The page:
Even though you perform alone, I understand you work with a team to develop your shows. Can you explain a little about the different jobs and people involved in a Sealegs production?
Most productions involve around 15 – 20 makers, designers, musicians etc. However there is generally a core team of 3 or 4 people. I am the Artistic Director and oversee and okay every decision. I also have a big hand in making the puppets, set, props etc as well as writing any songs we need. Then there is Matt Hart. Matt got me into puppetry in the first place – we founded Sky in the Pie Puppet Theatre together back in 1995. He has great artistic vision and is a brilliant maker and designer. With the last production we also brought in technician Paul Batten to design the lighting and as another maker. When the show is ready to rehearse I bring in a drama director – I have worked with Johnny Cartwright for many years and he has directed most Sea Legs productions. He is also there along the way, through the making process as we discuss ideas etc.
As well as the core team there are always people that are brought in for, perhaps one or two jobs: painting or sewing, blacksmithing etc. I also bring in numerous musicians as and when required.
 What were your influences as a child in terms of reading, stories and perhaps film or theatre? And what are your influences now?
The first book I remember reading that I just could not put down was Charlie and the Chocolate Factory by Roald Dahl. I completely entered Charlie’s world and so wanted him to find the golden ticket. I was totally hooked on the fantasy of it all. It’s easy as an adult to forget the power of the imagination. The willingness to enter that fantasy world is so strong in a child and it can and so often does diminish as we get older. As a child I also loved Laurel and Hardy and Charlie Chaplin.
For me now when I go and watch another puppet theatre, I am influenced by most that I see. There is almost always something in a show that inspires me – a part of the set, the skill of the puppet manipulation, the music used etc. Actually though my biggest influence now is my 8 year old daughter. It is one of the most wonderful things about having children – they put one back in touch with one’s own inner child. She fires my imagination and helps me see a child’s perspective.
 What are your plans for your next show, if you don’t mind sharing these?
At the moment I am not thinking of my next production. I have 4 or 5 productions on the go and they will sustain me for a while. I’m sure at some point, I will get the urge to produce some new theatre, but The Musicians of Bremen took an awful lot of energy and was financially very costly. For the moment then, I’m taking a breather from it.
And here is a question from Poppy:
 Do you practise doing all the different voices for the different characters?
Yes. Once I have settled on a particular voice for a character, I will practise the actual words they say. Some voices come easier than others and certain voices will crop up in different shows. I was born in Wales and will often have a Welsh character, for instance. Often there will be one or two tricky characters – with The Musicians of Bremen it took a long time to settle on the voices for Little Blue and Colonel Cockerel. Colonel Cockerel had a southern American drawl for a while, though not a very convincing one. I struggle with American accents and after trying lots of different voices went for a posh English officer type of voice which suited the character.
It often takes some time to get a perspective on a character. Little Blue originally had a squeaky kind of voice – I recorded the show on video and found his voice quite irritating. It took a while but eventually I tried a southern Irish accent and that stuck. It was a difficult one. It’s not an accent that comes easily to me but what I tend to do is listen to people with the same accent and go through every word I have to say. There are different vowel sounds etc to learn. Once you have those, the accent settles into place after a while of doing it. Often however, I can only actually say particular phrases in a certain accent as that is what I’ve learnt.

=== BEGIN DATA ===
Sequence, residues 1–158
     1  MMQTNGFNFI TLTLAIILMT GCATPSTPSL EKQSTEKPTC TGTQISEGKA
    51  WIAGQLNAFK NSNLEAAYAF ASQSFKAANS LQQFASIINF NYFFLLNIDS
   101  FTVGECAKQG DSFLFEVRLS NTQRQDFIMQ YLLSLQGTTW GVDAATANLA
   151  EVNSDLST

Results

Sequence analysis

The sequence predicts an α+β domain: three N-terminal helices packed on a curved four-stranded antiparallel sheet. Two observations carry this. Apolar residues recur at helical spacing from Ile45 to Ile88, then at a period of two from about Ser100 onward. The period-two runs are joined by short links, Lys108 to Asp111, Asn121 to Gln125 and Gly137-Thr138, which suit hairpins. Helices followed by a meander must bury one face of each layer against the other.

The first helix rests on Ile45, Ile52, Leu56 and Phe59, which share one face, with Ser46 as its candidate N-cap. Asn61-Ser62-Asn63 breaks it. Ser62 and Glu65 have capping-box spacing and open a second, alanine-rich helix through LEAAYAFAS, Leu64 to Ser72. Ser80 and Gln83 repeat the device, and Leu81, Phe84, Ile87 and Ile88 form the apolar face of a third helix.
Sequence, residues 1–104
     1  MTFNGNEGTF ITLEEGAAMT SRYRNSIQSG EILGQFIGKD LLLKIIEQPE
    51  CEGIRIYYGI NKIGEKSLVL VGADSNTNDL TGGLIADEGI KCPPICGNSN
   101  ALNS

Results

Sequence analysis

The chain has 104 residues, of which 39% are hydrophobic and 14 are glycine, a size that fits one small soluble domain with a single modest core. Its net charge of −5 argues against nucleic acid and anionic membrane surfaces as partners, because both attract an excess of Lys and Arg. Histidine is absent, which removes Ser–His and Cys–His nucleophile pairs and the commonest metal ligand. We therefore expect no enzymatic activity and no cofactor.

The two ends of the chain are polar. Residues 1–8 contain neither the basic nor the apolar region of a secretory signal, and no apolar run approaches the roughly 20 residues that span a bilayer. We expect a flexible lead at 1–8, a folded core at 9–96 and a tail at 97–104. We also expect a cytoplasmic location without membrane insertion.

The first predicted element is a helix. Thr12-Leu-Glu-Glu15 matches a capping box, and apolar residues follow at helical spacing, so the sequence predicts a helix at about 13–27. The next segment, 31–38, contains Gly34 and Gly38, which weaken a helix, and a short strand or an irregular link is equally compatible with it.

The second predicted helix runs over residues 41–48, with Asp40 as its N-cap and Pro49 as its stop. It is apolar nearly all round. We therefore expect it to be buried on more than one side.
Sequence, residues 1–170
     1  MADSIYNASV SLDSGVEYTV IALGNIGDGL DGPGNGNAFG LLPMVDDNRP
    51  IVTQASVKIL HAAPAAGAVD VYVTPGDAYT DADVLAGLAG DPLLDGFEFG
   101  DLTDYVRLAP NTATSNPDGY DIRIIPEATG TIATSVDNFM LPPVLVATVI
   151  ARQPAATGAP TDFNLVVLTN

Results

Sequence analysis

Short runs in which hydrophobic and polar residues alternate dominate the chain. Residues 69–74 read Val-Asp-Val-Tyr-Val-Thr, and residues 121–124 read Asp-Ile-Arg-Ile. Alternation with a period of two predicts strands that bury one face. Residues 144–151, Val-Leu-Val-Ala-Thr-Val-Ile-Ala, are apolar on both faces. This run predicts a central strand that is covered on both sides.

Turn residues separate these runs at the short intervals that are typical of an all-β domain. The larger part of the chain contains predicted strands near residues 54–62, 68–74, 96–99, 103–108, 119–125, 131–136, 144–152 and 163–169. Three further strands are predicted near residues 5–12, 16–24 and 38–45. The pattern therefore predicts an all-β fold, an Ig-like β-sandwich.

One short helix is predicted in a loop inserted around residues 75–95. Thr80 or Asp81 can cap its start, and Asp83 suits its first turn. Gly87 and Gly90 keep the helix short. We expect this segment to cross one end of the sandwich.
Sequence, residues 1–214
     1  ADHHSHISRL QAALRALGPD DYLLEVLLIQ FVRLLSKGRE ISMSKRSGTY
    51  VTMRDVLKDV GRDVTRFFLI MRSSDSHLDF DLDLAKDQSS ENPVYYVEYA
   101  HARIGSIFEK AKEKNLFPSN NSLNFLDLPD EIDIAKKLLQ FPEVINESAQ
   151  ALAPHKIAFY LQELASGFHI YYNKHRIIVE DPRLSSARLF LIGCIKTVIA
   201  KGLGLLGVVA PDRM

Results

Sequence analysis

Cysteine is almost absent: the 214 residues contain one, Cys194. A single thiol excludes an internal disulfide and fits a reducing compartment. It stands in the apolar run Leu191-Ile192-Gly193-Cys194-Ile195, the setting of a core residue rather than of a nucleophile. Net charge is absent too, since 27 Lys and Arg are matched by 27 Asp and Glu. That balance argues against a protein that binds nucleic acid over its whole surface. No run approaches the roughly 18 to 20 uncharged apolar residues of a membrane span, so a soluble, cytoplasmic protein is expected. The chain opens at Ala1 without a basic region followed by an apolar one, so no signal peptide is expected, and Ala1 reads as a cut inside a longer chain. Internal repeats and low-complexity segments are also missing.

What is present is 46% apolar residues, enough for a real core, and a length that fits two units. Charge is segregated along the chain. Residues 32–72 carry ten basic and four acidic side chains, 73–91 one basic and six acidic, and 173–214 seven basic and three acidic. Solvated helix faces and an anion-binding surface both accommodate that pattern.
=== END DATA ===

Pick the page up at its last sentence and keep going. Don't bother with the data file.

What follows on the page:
And two questions from Simon:
 Who are the best puppeteers you have seen?
Ronnie Burkett, the Canadian puppeteer stands out in my memory. I went to see him perform his show 10 Days on Earth, a few years back and found it absolutely compelling. I watched it in a not very comfortable theatre and, if I remember correctly the show was about 2 hours long. When I sat down, I thought “these seats aren’t very comfortable.” As soon as he appeared on stage, I didn’t think about the seats again until the end of the play. His supreme manipulation skills along with his totally convincing voices, the set and music and songs (all written by him) were pretty hard to beat. Watching him certainly lifted the bar for me. “Wow!” I thought – “I could be doing this forever more and still find ways of improving my skills.”
Others I have found inspiring are: Handspring Puppet Theatre – the creators of the famous War Horse puppets – stunning! Drew Colby of Finger n’ Thumb – does fabulous hand shadows. Green Ginger’s production of Rust had some wonderful puppetry. Last year at Skipton Puppet Festival I was lucky enough to see German puppeteer Anne Klinge and thought she was pretty amazing. She does “foot puppetry” – literally turning her feet into puppets – I find anything like this utterly compelling because done well, it tricks one’s mind into believing the unbelievable. We know the puppets aren’t really real! It’s an illusion created by the puppeteer’s skill and our own willingness to suspend our disbelief. However, done well; we can laugh, cry, get angry – feel any emotion and believe any character. That is the wonder of theatre and in particular the wonder of puppetry.
 What do you find are the similarities and differences between British puppet shows and those from other countries?
This one is really difficult – I am struggling with this question – I actually don’t feel qualified to answer it. What I have found is that we all learn from each other. We all take ideas from each other and make them our own. Puppeteers tend to want to share ideas – it can only help all of us develop our skills and have a better understanding of the art form.
Thanks so much to Rob for his fascinating answers.
You can find details of SEA LEGS PUPPETS on their website here:
and you can also find them on Twitter @Sealegspuppets.
The wonderful Birdhouse Theatre – which brings quality children’s theatre shows to North East Lincolnshire – can also be found on Twitter @BirdhouseT and here’s their website:
Here is the link to see the upcoming dates of SEA LEGS PUPPETS shows – go along and enjoy!